By Daniel Etchells

The Asian Football Confederation (AFC) Asian Cup will be held outside the continent for the first time in its history ©AFCAustralia is braced to host the 2015 Asian Football Confederation (AFC) Asian Cup, marking the first time the tournament has been held outside the continent it represents.

First staged in 1956, the quadrennial Asian Cup is the second oldest continental championship in world football - behind South America's Copa América - with the 16th edition set to get underway tomorrow.

Australia will be competing in only their third Asian Cup having transferred from the Oceania Football Confederation to the AFC in 2006. 

The Socceroos were eliminated by Japan in the quarter-finals in 2007 and suffered defeat at the hands of the same opposition in the 2011 final.  

The top three teams at the 2011 edition - Japan, Australia and South Korea - qualified automatically for this year's tournament, as did the 2012 AFC Challenge Cup winners, North Korea.

The quartet are joined by Iran, Kuwait, Oman, Uzbekistan, the United Arab of Emirates (UAE), Bahrain, Saudi Arabia, Jordan, China, Iraq, Qatar and the 2014 AFC Challenge Cup winners Palestine, first-time qualifiers for a major tournament since they were admitted to FIFA in 1998. 

As recently as last week, Australia was one of only two countries, along with the United States, to vote against the United Nations Security Council's proposal to establish Palestine as a state and end Israel's occupation of its territories by 2017. 

Stadium Australia in Sydney is scheduled to host the AFC Asian Cup final on January 31 ©Getty ImagesStadium Australia in Sydney is scheduled to host the AFC Asian Cup final on January 31 ©Getty Images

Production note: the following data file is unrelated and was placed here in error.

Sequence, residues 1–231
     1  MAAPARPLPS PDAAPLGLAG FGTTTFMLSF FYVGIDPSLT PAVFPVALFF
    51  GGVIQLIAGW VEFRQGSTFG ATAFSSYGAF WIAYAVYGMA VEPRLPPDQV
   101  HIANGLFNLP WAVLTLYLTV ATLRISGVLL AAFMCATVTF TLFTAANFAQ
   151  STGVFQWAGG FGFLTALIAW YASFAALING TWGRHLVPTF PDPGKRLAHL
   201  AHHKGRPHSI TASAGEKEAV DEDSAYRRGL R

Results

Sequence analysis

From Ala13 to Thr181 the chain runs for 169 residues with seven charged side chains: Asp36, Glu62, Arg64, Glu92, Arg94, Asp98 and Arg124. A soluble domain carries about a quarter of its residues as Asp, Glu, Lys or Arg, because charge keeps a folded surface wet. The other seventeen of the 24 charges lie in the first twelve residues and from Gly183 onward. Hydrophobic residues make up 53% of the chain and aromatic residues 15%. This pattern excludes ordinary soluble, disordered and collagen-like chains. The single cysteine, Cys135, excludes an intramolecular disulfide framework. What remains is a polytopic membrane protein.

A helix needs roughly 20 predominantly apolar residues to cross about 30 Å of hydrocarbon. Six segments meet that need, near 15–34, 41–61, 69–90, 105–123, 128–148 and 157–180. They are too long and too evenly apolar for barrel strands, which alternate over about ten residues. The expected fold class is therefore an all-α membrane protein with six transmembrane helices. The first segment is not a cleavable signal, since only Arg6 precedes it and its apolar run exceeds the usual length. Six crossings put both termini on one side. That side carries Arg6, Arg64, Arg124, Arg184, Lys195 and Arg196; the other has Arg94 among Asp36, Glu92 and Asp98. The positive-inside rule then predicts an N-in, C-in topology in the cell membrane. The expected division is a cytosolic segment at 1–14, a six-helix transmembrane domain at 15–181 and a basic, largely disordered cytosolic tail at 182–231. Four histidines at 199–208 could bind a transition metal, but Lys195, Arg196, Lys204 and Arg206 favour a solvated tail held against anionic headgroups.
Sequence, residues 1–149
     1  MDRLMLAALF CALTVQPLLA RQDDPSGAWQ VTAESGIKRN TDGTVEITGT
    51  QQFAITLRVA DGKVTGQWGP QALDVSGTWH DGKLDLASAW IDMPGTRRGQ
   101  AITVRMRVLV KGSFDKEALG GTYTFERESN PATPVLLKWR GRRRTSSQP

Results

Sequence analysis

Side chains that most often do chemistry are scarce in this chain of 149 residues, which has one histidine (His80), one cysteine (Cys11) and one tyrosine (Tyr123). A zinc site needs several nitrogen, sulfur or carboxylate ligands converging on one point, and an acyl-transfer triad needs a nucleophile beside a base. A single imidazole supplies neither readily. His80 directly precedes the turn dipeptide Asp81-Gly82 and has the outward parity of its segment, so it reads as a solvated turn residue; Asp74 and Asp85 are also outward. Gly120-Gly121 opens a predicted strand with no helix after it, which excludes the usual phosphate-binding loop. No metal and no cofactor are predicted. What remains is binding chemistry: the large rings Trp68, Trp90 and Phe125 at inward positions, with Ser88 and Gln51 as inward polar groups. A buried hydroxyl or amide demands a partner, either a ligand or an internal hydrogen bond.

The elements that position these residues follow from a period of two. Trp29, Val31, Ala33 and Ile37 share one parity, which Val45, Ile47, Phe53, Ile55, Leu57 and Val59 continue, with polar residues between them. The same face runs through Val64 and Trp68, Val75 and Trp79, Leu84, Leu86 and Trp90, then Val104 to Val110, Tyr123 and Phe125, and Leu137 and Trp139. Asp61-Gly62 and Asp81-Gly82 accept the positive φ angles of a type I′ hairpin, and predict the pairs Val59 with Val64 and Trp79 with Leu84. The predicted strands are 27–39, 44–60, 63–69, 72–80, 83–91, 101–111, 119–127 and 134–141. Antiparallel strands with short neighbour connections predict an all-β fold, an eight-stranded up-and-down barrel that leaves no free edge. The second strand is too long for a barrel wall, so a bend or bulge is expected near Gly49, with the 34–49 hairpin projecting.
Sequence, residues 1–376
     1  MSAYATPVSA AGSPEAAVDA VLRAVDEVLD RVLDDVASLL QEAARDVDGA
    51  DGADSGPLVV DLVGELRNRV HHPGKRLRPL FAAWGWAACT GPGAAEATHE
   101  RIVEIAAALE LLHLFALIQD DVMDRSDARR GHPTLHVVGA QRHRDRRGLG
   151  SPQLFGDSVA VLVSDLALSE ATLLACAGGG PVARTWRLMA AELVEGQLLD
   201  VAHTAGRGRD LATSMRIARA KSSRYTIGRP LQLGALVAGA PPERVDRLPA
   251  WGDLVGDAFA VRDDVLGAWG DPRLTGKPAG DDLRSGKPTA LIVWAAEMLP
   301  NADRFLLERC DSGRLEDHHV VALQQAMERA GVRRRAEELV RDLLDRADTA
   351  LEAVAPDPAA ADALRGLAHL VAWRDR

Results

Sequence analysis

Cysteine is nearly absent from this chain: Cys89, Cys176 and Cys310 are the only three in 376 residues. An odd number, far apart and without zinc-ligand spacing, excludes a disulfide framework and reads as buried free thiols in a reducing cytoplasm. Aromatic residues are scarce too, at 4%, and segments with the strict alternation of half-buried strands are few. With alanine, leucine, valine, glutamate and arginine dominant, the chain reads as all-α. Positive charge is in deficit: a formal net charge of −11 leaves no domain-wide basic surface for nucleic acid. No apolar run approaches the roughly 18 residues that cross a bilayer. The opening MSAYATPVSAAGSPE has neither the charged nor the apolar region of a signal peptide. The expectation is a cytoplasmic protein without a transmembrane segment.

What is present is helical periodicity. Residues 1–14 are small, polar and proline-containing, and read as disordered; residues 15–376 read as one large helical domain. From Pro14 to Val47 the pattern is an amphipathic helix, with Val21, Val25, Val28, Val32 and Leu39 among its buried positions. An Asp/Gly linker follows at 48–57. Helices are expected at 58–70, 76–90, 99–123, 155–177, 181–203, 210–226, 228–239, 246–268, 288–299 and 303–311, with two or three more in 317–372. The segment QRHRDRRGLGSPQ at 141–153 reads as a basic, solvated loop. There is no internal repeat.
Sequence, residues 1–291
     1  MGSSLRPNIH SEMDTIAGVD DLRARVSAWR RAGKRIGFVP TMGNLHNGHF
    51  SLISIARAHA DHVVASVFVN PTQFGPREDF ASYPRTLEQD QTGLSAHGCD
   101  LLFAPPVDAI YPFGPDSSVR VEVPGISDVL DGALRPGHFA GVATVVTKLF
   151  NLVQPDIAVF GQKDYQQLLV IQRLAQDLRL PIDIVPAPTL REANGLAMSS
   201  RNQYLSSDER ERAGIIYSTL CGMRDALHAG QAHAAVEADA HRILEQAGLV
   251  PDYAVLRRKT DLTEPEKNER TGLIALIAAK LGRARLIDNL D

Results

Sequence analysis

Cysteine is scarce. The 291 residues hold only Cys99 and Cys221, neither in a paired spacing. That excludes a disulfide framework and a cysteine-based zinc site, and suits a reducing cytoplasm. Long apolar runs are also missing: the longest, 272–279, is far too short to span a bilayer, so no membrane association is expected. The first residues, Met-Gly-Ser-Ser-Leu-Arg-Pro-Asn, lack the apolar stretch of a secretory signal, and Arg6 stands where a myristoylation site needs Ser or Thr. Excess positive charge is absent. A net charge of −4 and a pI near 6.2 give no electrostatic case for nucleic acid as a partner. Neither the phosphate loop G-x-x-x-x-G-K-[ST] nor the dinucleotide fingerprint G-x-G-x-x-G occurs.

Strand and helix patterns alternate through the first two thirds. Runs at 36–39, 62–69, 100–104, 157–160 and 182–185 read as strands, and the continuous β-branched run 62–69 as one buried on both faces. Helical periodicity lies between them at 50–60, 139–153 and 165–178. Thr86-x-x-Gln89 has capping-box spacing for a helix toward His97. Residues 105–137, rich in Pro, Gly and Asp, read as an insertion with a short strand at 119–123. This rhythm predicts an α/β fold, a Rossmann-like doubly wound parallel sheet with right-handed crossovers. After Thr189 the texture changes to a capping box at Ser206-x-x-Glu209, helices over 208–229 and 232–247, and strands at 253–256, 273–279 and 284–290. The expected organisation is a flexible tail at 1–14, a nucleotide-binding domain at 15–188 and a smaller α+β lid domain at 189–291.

Australia begin their campaign against 1980 champions Kuwait in tomorrow's opening match at the Melbourne Rectangular Stadium, before going on to face Oman and South Korea, back-to-back winners in 1956 and 1960, in their two other Group A encounters.

Group B is headlined by three-time champions Saudi Arabia, with Uzbekistan, North Korea and China also battling for a place in the knockout stage. 

Iran, champions in 1968, 1972 and 1976, meet Bahrain in their opening Group C match before taking on two of the competition's dark horses, Qatar and the UAE.

Holders Japan, winner of four of the last six Asian Cups, start the defence of their title against Palestine, while Jordan and 2007 champions Iraq make up the remainder of Group D.

The top two teams from each group will advance to the quarter-finals and fight for a place in the final at Stadium Australia in Sydney on January 31.

The group stage is scheduled to take place between January 9 and 20, before the quarter-finals on January 22 and 23, the semi-finals on January 26 and 27 and the third place playoff on January 30.

As well as the Melbourne Rectangular Stadium and Stadium Australia, matches will also be played at the Canberra Stadium, the Brisbane Stadium and the Newcastle Stadium.

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